- Round Table 7
- Encounters and confrontations between
European and non-European legal systems
- European expansion after 1500 has led
to the transplant of European law to the rest of the world. The
result of this transplant was and is a situation of legal pluralism,
the co-existence of European and non-European legal systems outside
Europe. How this legal pluralism came to be, how it functioned,
and functions, still remains largely unstudied. A researcher
will find only a few general books about this subject. Consequently,
even the basics are still being discussed, e.g. the question
of what can be seen as law in a non-European society (is a custom
law?). A generally accepted methodology is lacking. Everyone
approaches the subject from his angle, be it anthropological,
historical or legal. Moreover, even the most objective of researchers
most often fail to escape the framework of their own law, culture
or studies. Adding to the lack of clarity, are some practical
problems. It is impossible to have even a superficial knowledge
of all the cases of confrontation between European and non-European
legal systems; to read all the sources in the original language,
provided one has written sources; to interpret them in their
context, and so on. So far, and probably for some time to come,
case studies, and not general overviews, will remain the norm.
- Yet, some general elements can be deduced
from the existing literature. The most important one is that
to see everything in terms of Europe vs. the rest of the world
is too simple. The reality was, of course, much more complex.
European law was not monolithic and neither was non-European
law. Both were the products of many older legal transplants.
Moreover, they were not the only players in this game. European
and non-European law are generally understood to be foreign law,
imposed by or received from Europe, and indigenous law. This
discounts third parties, like non-European immigrants, e.g. African
slaves in the Americas. Thus, non-European law is not always
indigenous law. Neither is 'European' law always 'European'.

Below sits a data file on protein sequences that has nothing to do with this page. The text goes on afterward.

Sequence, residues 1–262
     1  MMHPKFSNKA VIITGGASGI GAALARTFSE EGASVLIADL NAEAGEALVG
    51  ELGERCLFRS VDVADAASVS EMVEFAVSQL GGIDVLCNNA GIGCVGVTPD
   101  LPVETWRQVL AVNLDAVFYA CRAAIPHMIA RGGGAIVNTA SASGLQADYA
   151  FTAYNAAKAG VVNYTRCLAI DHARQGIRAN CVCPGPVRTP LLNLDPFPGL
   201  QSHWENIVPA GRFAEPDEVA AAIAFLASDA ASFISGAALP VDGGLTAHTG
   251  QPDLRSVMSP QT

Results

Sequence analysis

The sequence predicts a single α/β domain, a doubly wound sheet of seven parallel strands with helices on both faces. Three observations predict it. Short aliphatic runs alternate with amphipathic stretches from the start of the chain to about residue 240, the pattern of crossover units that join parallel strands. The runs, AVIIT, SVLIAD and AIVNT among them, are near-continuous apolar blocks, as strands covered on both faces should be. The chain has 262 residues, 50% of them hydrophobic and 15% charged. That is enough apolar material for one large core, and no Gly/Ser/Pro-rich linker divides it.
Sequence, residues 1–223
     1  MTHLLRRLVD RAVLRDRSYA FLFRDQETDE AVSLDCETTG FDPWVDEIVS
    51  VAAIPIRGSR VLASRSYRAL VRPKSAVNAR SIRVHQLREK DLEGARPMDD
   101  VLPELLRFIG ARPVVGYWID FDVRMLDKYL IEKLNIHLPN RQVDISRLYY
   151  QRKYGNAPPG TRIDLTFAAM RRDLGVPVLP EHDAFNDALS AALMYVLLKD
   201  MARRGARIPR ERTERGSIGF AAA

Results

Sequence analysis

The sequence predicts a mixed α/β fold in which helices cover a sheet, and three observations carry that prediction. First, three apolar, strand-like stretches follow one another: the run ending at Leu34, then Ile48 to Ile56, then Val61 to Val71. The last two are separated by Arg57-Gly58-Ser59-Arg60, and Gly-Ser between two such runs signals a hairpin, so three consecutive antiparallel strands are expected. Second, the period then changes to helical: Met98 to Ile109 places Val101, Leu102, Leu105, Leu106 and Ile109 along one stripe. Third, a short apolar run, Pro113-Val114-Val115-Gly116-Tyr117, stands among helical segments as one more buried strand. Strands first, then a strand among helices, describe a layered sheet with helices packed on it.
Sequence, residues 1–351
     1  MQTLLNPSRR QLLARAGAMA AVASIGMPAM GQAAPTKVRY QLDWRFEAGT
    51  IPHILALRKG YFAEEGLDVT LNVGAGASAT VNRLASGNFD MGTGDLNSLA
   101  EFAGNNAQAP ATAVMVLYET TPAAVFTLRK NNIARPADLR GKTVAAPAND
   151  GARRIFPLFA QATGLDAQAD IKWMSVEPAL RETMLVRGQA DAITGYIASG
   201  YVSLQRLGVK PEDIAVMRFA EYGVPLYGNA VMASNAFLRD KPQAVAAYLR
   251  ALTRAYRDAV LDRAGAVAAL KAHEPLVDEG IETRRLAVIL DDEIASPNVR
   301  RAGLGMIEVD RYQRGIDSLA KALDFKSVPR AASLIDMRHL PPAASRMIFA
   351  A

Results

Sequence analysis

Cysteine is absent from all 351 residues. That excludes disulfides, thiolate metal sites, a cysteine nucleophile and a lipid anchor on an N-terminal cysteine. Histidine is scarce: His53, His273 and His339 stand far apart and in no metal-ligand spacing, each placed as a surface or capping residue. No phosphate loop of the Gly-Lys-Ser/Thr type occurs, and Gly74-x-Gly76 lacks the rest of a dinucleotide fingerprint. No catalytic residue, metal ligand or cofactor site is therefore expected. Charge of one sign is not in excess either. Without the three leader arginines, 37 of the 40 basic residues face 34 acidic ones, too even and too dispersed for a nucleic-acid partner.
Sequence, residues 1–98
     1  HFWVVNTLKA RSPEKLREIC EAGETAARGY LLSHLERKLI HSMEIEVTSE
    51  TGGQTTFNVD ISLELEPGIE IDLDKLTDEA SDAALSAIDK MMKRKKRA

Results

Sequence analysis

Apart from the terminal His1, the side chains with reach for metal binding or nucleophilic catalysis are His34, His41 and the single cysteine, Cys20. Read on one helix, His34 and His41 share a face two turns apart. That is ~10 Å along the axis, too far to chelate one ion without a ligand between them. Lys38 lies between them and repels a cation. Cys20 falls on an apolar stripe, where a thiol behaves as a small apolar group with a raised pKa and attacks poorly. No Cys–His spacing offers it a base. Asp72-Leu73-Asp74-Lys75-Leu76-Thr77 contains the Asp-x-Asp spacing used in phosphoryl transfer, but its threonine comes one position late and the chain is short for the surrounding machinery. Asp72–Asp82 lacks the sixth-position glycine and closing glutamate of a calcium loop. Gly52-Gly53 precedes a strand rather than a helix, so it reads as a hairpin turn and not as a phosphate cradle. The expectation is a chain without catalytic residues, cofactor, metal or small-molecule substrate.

For various reasons, European laws were frequently transplanted
with modifications. Sometimes, the colonizer expressly created
a new body of law.
- European law outside Europe can be seen
as a law from legislators, judges, and professors, whereas non-European
law was generally customary. Studies from all over the world
show that customary law was anything but traditional law. Nothing
is more transient than custom, yet customs derive their authority,
their respectability from their old age. Therefore it is easy
to be misled, and assume that a custom is centuries old, dating
from long before the Europeans came, whereas, in reality, it
may be that a certain custom was already the result of European
influences. For example, like European law, 'indigenous' customary
law was one of the chief instruments of colonial power. Whatever
was claimed in theory, all European powers had to resort to indirect
rule. This implied working through local chiefs and local law,
which was adapted to the interests of the colonizer and his local
collaborators. As a result, customary law does not always give
expression to local traditions. However, it is sometimes hard
to find what these traditions were as sources are lacking.
In this, and in many other aspects, the confrontation between
European and non-European law resembles the confrontation between
roman and romano-canonic learned law and customary Germanic law
in Europe during the Middle Ages and the Early Modern Period.
Scholars who study the one could learn from scholars who study
the other, and vice versa. One should also not disregard the
fact that, because of the antagonism between Roman and Germanic
law, Europeans had experienced legal pluralism at home. They
had already developed rules for dealing with it and these rules
shaped their policies outside Europe.
- One should not forget that the confrontation
between European and non-European law is still going on. European,
or rather Western, and more specifically American law, is still
promoted in the rest of the world for various reasons, e.g. because,
according to some, it can lead to more development. On the other
hand, indigenous peoples are, not always without success, reclaiming
their heritage, and, in general, non-Western countries have become
more conscious of their own achievements in the field of law.
The latter does not always mean a return to pre-colonial law.
Many countries see one national legal system, European in origin
or not, as preferable to a return to the diversity of customary
law. Even if one wants to promote indigenous law, this is not
always easy. In most countries much is still unknown about the
old law. Therefore, a study of pre-colonial and colonial legal
history is even more needed than in the past. In Europe itself
the confrontation between European and non-European law has become
more important than ever. The process of European integration
has led to a greater awareness of the similarities between European
legal systems and their differences with other legal systems.
Another factor is immigration, which has brought non-European
legal concepts into Europe itself.
Research into the confrontation between European and non-European
law is not only interesting for historians, but also for today's
lawyers, judges and legislators. This burdens the researcher
with a greater responsibility. It may happen that a scholar tries
to reconstruct the traditions of a legal system and that some
years later law practitioners will not refer to their traditions,
but to his publications. Thus, a legal tradition is 'created'
by the researcher and later historians may have to devote more
attention to what he did, than to what he studied, as happened
to the Dutch scholar Van Vollenhoven and Indonesian adat.